Sunday, June 15, 2014

Sunder Katwala writing for the New Statesman

Usual farrago of nonsense and wishful thinking from Sunder Katwala writing for the New Statesman:

It would be pointless to argue with his premise since it is without any coherent basis.

However we must challenge absolute untruths when we come across them.

Therefore let us look at his statement:

"ESRC research shows that over a third of the population of England have at least one parent or grandparent who was a migrant from outside Britain."

Let us assume a generation is 20 years.  Therefore the grandparents he refers to are those born in the early 1960s.  The population of England in 1961 was 41,000,000.

One third of 41,000,000 is 13,600,000.

Were there thirteen million immigrants in 1961 and did they result in thirteen million mixed race marriages?

Obviously not - the total foreign born population of the United Kingdom in 1961 was 200,000.

One can appreciate the position Mr Katwala is in.  And one can understand his (rather frantic) evangelism for mixed marriages as perhaps a way of making his own position seem less exposed.  But falsifying the facts will not advance his case.


Sunder Katwala said...

The foreign-born population is 1961 was 2.57 million. It was 1.9 million in 1951. I am not sure where you got 200,000.

Your method of taking the 1961 population and dividing by a third makes no sense anyway. People have four grandparents, while many grandparents have several grandchildren. For a third of the population to have one foreign-born grandparent; that does not require one in three people to be foreign-born.

a from l said...

Please see the graph on (which is also credited to the ONS and based on the Census). As you can see, the bar for 1961 is 250k - I have deducted approx 50k to allow for those colonials born overseas who returned to the United Kingdom post independence of various countries (for instance the British population of India was approximately a quarter million, many of whom had been there for generations but none of whom I would suggest would self-identify as Indian; same for Protestant Irish who found they were no longer welcome in southern Ireland; same for hundreds of thousands of other colonial settlers in Africa and Asia). If anything the number of colonial repatriates was far greater than this - the 50k I allowed was merely symbolic (you have been quiet on this blog for so long Mr K that I did not anticipate your requirement for further information).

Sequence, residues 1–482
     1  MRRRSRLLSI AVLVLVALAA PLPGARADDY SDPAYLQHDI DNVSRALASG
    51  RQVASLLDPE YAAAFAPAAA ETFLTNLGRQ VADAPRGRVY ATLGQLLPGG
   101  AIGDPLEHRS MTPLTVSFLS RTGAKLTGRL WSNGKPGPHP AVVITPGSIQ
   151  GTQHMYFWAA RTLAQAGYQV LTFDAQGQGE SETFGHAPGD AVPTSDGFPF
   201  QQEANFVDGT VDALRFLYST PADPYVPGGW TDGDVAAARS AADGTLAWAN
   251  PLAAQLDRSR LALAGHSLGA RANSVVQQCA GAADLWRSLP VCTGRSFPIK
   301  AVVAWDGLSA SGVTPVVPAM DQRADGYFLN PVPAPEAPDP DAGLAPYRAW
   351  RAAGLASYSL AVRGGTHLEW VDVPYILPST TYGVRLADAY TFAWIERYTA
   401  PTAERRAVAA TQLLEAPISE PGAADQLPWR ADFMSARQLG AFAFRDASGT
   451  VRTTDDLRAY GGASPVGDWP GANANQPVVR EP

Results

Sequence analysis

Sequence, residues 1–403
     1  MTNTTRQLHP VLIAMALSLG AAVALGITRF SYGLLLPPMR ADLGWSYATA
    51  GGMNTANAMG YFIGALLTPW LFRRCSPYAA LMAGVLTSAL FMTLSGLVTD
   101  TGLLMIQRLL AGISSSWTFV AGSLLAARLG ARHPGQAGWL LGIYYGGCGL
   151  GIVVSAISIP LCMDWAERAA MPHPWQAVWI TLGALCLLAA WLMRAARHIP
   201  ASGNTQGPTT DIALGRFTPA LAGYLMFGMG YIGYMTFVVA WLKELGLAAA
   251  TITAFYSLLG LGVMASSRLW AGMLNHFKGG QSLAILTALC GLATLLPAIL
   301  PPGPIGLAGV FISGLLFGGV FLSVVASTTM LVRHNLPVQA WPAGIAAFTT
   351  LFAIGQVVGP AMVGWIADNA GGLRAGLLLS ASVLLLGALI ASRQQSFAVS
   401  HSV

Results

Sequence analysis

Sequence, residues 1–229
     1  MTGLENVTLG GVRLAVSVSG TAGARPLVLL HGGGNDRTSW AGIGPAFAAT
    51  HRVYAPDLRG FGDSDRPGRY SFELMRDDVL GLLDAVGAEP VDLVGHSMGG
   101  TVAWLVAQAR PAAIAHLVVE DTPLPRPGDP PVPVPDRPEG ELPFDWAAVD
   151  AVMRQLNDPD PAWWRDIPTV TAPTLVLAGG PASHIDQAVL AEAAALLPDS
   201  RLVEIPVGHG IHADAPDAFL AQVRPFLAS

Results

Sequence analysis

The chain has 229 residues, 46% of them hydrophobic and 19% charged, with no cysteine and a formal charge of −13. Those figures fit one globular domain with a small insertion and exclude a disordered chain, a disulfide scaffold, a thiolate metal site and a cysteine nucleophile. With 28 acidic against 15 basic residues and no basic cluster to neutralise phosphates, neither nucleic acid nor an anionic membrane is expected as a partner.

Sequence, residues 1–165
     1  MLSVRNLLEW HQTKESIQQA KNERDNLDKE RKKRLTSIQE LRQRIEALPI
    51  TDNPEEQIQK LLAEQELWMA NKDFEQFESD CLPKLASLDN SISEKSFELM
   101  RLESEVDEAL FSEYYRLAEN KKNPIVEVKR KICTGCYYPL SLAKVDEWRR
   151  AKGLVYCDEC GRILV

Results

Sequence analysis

Regarding the rate at which 1960s foreign immigrants translate into twenty-first century grandchildren, until recently the birthrate has been fairly static at 2.4 children per couple. Therefore the exponential growth you suggest is impossible.

There are 63 million people in the United Kingdom. For 21 million people to have had a foreign grandparent is clearly impossible.

Let us take your most optimistic (from your point of view, not from the majority of British people) figure of 2.57 million foreign born in 1961. Let us assume that none of them were repatriated colonials and that ALL of them were BME people. Let us also assume that ALL of them married white British partners giving them 5.14 million mixed race children. Let us assume that all of these 5.14 million mixed race children only married white British partners, the total grandchildren would be roughly ten and a half million - well short of the 21 million third of today's population.

And this is using the most absurdly favourably interpretation of the numbers possible!

Sunder Katwala said...

Dear Andrew

Your wikipedia graph is wrong; I don't know what the source is, but its claim these are ONS figures is erroneous.

The ONS figures are in the ONS link. 5% of the population of 46 million were foreign-born in 1961, not under 0.5%

As the ONS link also sets out the top 10 countries of origin of foreign-born residents, by decade. So it reports that, in 1961, there were 683,000 people born in Ireland in Britain; 157,000 born in India; 121,000 born in Germany; 120,000 born in Poland; 100,000 born in Jamaica; 94,000 born in the USA; 81,000 born in Italy; 53,000 born in Russia; 49,000 born in Canada; and 42,000 born in Cyprus.

Of course not all of the foreign-born people in England were black or ethnic minority.

This was a piece about people with migrant family heritage, not a piece about racial identity. That is why the piece refers to Wayne Rooney and Phil Jagielka's Irish and Polish heritage, and to the Spanish ancestry of Adam Lallana.

a from l said...

This list rather underlines my point: "in 1961, there were 683,000 people born in Ireland in Britain; 157,000 born in India; 121,000 born in Germany"

There were half a million "Anglo-Irish" protestants in southern Ireland before 1922 and there are only a few thousand now - that would account for the majority of the 683k Irish-born in the United Kingdom in 1961.

There were a quarter million British people living in India before 1947 and most of them moved here after independence, forming the majority of the 157k born in India quoted in the 1961 statistics.

The British Army of the Rhine fluctuated from between 77k and 55k from 1945 to 1961 (and beyond of course) including settled married accommodation where many thousands of British children were born - accounting for the 121k German-born children in 1961.

These people cannot really be called migrants if they are not self-identifying as migrants and therefore they should not be co-opted into arguments seeking to promote the ideology of multi-culturalism.